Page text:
Thursday, August 6, 2020
‘Gaucho del Norte’ Features Dramatic Scenery in Story of Idaho Sheepherder
“Gaucho del Norte” has appeared in several film festivals, including the Sun Valley Film Festival, Big Sky Documentary Film Festival, American Documentary Film Festival and New York’s Socially Relevant Film Festival.
Tuesday, October 9, 2018


Eraldo Pacheco can see the snowcapped mountains of Patagonia rising up behind a crystal clear blue lake from his family’s home in Chile.

It looks idyllic. But one day he tells his father, “Things are worse here than ever.”

And with that the Chilean sheepherder leaves his hometown of Bahia Murta, population 587, to travel 6,000 miles to herd sheep in the rugged high desert of Idaho.

Filmmaker Stanzin Dorjai-Gya will be back to present his movie “The Shepherdess of the Glacier.”

“Out here it is not about whether you are physically strong,” he recounts. “What you need is to endure loneliness.”

Filmmakers Andres Caballero and Sofian Khan captured Pacheco’s journey—and the emotional struggles he deals with so far away from his elderly parents and family--in the film “Gaucho del Norte.”

And they will show it at 7 p.m. Friday, Oct. 12, at the Sun Valley Opera House as part of the 2018 Trailing of the Sheep Festival. (Admission is $20.)

The father-son team of Robert and Blake Ball, who run more than 7,000 ewes out of their ranch in the eastern Idaho town of Hamer, will field questions following the film. And Nevada rancher and photographer Carolyn Dufurrena will screen her short film, “Sheepherders with Cell Phones,” which premiered at the National Cowboy Poetry Gathering.

Caballeros became interested in making the film when he met a former Chilean sheepherder who told him about working in the United States.

“I thought it would be a good opportunity to take on the topic of immigration through a lens that is less political and more observational,” he said. “I wanted to capture the immigrant spirit through a cinematic approach.”

Caballero and Khan traveled to South America where they found Eraldo. They shot the Idaho portion of the footage in the desert near the Teton Mountain during winter and in the mountains near Soda Springs during summer.

Caballero said he learned that sometimes in order to better understand what’s happening around a political issue, more attention needs to be paid to history, human behavior, the needs of people around us and the needs of those in other countries.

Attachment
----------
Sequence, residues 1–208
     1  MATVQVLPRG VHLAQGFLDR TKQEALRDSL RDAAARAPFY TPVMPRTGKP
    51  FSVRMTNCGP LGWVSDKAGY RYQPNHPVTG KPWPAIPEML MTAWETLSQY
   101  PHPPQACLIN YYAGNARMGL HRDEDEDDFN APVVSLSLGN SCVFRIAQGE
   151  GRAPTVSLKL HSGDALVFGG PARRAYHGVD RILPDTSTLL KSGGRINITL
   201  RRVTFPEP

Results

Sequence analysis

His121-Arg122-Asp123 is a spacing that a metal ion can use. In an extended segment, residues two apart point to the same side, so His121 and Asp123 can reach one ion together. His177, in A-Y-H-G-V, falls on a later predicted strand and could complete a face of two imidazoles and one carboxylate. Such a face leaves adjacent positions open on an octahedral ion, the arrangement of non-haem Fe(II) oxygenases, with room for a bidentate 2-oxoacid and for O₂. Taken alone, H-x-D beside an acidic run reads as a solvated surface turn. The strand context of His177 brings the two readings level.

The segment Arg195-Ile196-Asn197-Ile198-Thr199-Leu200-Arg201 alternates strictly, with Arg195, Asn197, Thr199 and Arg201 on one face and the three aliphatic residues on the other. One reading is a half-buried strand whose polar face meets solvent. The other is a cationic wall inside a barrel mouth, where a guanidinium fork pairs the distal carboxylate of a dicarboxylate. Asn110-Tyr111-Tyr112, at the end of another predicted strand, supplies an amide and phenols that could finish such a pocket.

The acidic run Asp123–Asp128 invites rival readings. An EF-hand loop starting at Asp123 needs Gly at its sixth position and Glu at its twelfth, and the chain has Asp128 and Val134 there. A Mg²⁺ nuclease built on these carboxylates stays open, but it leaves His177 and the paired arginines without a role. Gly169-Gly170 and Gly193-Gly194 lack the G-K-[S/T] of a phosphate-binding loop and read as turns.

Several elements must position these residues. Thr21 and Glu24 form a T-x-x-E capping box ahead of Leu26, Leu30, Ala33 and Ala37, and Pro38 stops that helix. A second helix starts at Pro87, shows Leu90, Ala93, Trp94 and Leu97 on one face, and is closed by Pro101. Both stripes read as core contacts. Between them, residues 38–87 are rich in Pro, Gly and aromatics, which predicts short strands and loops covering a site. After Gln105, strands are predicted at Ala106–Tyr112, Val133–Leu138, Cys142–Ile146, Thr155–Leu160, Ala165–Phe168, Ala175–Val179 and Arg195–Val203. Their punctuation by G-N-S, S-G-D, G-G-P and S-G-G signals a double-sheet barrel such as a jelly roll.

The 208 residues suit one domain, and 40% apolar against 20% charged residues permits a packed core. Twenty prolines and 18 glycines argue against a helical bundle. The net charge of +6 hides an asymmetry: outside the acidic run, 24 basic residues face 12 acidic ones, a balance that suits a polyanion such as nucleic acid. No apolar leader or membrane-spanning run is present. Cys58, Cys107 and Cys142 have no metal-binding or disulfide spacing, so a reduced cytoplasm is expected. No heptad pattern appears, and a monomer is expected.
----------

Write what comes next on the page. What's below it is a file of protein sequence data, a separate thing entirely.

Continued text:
“Witnessing parts of Eraldo’s journey as a sheepherder, I realized the crucial role guest workers like him play in the wellbeing of American families and with the same family-driven values of the Idaho rancher who hired him,” he said. “The co-dependence is real and that compassion and understanding should extend beyond the legal status of immigrants who play other key roles in the lives of Americans.”


The “Shepherdess of the Glacier,” which won Grand Prize at the 2016 Banff Mountain Film Festival, is returning for an encore presentation at this year’s Trailing of the Sheep Festival.

The film was shown at the 2017 festival but so many people were turned away that festival organizers brought it back for an encore performance.

Filmmaker Stanzin Dorjai-Gya will field questions following the film, which will be screened at 7 p.m. Thursday, Oct. 11, at the Sun Valley Community School (admission $20).

Dorjai-Gya  spent three years filming his sister Tsering in temperatures that sometimes dropped as low as minus-30 Celsius as she herded long-haired sheep with curvy horns and Pashmina goats—the source of luxurious cashmere fiber—in India’s 14,000-foot Himalayan Mountains.

The film shows how she washes baby goats in glacier-fed rivers and tucks baby lambs into pockets of a burlap bag, slinging the bag like a saddle blanket over one of her animals as she moves her herds. And it shows how she uses her transistor radio for companionship, turning it up when snow leopards venture too close.

“When the radio stops,” she says, I feel as if I’ve lost someone.”


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